When Independents Can Vote, Bernie Sanders Wins


Bernie Sanders defeated Hillary Clinton in Indiana on Tuesday. The Senator from Vermont cashed in on his overwhelming support from independent voters, who are allowed to participate in Indiana's open primary. Sanders has repeatedly proven that he outperforms Hillary Clinton among independent voters. Indiana was just the latest example of Sanders' crossover appeal. He also won big in New Hampshire, Wisconsin and Michigan, where independents are free to participate.

By contrast, when delegate-rich New York and Pennsylvania voted last week, independents were excluded. Not surprisingly, Clinton won and extended her delegate lead. In response, Sanders criticized the closed primary system, which denies independents from having a say in which candidates the two major parties nominate. He argued: "Three million people in the state of New York who are independents have lost their right to vote in the Democratic or Republican primary... That's wrong."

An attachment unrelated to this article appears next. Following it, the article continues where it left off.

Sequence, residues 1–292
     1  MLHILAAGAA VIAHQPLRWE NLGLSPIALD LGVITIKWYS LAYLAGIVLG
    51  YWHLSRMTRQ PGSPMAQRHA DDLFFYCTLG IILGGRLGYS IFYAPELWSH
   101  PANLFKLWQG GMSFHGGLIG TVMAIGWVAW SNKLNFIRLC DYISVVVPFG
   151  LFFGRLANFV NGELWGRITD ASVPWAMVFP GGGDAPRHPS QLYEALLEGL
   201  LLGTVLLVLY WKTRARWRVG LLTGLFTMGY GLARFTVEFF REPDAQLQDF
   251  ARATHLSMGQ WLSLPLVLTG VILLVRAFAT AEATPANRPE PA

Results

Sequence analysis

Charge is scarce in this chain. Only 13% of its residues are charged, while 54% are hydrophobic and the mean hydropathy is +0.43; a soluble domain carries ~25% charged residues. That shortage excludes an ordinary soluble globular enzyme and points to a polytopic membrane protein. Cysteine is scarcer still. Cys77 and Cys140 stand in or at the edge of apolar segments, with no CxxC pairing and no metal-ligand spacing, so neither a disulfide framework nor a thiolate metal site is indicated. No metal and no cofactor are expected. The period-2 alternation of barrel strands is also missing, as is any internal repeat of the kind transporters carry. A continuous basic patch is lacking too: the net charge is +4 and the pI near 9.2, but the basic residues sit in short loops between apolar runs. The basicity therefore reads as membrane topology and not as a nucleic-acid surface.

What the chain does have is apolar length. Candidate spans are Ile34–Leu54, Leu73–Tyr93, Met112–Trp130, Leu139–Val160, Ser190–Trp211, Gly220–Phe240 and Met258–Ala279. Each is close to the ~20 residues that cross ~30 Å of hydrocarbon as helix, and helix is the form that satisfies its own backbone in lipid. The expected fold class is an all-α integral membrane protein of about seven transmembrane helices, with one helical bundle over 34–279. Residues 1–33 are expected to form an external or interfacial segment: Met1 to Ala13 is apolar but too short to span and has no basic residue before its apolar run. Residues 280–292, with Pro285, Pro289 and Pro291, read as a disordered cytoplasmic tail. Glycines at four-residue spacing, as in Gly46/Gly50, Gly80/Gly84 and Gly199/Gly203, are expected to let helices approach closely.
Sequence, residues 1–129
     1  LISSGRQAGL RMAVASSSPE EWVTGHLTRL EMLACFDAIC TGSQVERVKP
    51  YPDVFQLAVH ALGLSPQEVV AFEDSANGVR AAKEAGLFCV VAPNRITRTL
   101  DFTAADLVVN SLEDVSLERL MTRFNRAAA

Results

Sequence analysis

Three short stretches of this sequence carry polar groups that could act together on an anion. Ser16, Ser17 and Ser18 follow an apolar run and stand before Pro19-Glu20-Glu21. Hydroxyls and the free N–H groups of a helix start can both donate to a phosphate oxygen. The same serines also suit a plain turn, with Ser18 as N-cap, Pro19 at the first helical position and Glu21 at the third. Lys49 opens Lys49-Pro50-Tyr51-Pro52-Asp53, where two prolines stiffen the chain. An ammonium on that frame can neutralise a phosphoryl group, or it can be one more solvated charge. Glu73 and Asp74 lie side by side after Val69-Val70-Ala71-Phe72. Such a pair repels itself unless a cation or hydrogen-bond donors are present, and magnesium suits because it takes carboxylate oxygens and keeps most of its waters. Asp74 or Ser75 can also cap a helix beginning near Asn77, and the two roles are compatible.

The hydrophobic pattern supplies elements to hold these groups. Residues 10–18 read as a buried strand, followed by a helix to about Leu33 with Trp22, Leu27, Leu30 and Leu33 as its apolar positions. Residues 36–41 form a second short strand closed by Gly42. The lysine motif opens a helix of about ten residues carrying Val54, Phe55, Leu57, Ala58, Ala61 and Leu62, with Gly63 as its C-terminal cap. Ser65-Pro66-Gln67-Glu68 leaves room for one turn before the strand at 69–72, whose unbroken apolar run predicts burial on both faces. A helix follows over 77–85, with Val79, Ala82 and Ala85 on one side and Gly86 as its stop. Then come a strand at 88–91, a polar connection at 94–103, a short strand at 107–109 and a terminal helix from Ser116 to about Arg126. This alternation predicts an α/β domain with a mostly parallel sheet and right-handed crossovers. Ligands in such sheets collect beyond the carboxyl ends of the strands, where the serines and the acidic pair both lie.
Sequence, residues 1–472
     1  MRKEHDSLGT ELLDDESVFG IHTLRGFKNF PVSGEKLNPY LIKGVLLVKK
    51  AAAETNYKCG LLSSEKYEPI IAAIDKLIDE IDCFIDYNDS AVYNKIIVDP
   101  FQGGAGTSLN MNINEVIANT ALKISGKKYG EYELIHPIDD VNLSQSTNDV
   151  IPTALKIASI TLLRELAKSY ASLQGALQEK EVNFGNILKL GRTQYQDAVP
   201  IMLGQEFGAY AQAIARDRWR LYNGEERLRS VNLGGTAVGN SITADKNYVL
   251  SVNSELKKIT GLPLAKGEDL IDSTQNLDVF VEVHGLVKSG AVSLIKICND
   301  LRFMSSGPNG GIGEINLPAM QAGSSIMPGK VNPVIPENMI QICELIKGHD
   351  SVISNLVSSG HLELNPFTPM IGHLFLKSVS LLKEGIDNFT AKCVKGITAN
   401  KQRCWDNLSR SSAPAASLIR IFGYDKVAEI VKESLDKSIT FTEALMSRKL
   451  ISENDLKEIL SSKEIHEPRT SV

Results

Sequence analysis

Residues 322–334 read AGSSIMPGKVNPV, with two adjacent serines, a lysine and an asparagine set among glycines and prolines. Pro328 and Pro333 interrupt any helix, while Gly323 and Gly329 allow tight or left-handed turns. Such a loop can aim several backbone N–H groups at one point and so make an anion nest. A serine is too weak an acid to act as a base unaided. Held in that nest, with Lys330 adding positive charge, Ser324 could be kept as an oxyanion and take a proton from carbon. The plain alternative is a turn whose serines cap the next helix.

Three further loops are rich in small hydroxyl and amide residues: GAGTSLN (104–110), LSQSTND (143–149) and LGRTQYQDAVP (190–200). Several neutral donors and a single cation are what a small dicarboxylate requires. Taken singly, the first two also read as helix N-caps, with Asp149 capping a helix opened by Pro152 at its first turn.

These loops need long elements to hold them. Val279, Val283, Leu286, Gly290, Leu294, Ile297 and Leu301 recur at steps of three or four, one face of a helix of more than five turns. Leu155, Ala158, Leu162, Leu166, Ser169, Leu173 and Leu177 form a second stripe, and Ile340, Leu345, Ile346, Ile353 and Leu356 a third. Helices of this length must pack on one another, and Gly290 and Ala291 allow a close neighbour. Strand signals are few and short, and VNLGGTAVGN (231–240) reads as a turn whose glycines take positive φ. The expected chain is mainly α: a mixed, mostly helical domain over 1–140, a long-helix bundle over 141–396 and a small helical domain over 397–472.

Sanders' path to the nomination, though narrow, is predicated on the hope that superdelegates will acknowledge his dominance among independents and switch their allegiance over to him. After all, independents can and will vote by the millions in a general election. The general election is not closed like New York's primary. Bernie Sanders is far better positioned for a general election than he was for the Democratic primary. In fact, he's far better positioned than Hillary Clinton.

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